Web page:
Emerging amid the brutality of World War I, the revolutionary Dada movement took disgust with the establishment as its starting point. From 1916 until the mid-1920s, artists in Zurich, Cologne, Hanover, Paris, and New York launched a radical assault on the politics, social values, and cultural conformity which they regarded as complicit in the devastating conflict.
Dada artists shared no distinct style but rather a common wish to upturn societal structures as much as artistic standards and to replace logic and reason with the absurd, chaotic, and unpredictable. Their practice encompassed experimental theater, games, guttural sound-making, collage, photomontage, chance-based procedures, and the “readymade,” most notoriously Marcel Duchamp’s urinal, Fountain (1917). Throughout, the Dadaists considered the visual appearance of their work secondary to the ideas and critiques it expressed. In this sense, Dada may be seen as a fundamental precursor to conceptual art.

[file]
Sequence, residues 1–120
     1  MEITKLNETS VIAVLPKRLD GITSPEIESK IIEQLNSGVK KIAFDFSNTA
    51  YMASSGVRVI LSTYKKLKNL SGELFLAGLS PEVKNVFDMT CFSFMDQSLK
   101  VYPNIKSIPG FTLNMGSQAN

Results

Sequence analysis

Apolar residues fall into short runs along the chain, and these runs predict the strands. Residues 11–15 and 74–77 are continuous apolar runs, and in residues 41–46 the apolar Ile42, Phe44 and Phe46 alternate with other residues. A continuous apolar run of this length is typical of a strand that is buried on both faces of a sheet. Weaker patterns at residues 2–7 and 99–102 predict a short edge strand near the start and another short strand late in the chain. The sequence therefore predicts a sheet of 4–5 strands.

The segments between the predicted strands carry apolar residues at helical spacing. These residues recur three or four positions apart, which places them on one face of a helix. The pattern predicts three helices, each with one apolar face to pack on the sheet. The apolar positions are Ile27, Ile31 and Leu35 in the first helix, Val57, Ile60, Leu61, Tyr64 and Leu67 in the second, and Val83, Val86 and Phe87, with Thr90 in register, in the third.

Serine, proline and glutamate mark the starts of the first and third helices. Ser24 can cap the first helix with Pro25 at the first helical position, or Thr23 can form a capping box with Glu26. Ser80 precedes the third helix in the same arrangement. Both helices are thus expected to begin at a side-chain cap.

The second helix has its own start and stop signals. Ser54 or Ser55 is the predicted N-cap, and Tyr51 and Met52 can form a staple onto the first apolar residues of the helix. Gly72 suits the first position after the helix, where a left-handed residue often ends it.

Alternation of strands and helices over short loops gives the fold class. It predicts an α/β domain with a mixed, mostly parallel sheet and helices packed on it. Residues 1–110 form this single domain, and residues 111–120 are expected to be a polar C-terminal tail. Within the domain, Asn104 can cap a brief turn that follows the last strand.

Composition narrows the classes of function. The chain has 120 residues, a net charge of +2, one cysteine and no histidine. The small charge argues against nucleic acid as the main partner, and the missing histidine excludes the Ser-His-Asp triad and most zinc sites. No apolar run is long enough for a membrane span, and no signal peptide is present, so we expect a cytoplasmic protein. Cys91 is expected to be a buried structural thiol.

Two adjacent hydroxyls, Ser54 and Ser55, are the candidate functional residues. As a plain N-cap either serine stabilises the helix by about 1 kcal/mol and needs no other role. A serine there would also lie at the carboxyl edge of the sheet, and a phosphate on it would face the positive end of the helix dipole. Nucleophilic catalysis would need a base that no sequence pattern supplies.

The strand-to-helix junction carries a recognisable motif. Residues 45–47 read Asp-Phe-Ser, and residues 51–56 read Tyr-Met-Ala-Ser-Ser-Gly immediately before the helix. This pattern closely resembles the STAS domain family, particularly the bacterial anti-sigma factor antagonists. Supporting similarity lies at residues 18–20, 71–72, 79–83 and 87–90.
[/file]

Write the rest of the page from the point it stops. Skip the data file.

With a selection of key works from some of the most famous proponents of Dada such as Tristan Tzara, Marcel Duchamp, Hannah Höch, Kurt Schwitters, Francis Picabia, and Man Ray, this book introduces this urgent, subversive, and determined 20th-century movement and its lasting influence on modern art.